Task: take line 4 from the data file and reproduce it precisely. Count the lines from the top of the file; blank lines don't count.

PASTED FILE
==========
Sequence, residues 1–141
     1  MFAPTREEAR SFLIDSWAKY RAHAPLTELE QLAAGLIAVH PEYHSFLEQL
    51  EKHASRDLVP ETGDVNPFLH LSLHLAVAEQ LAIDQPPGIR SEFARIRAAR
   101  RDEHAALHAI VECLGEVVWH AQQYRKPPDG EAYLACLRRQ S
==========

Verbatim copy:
   101  RDEHAALHAI VECLGEVVWH AQQYRKPPDG EAYLACLRRQ S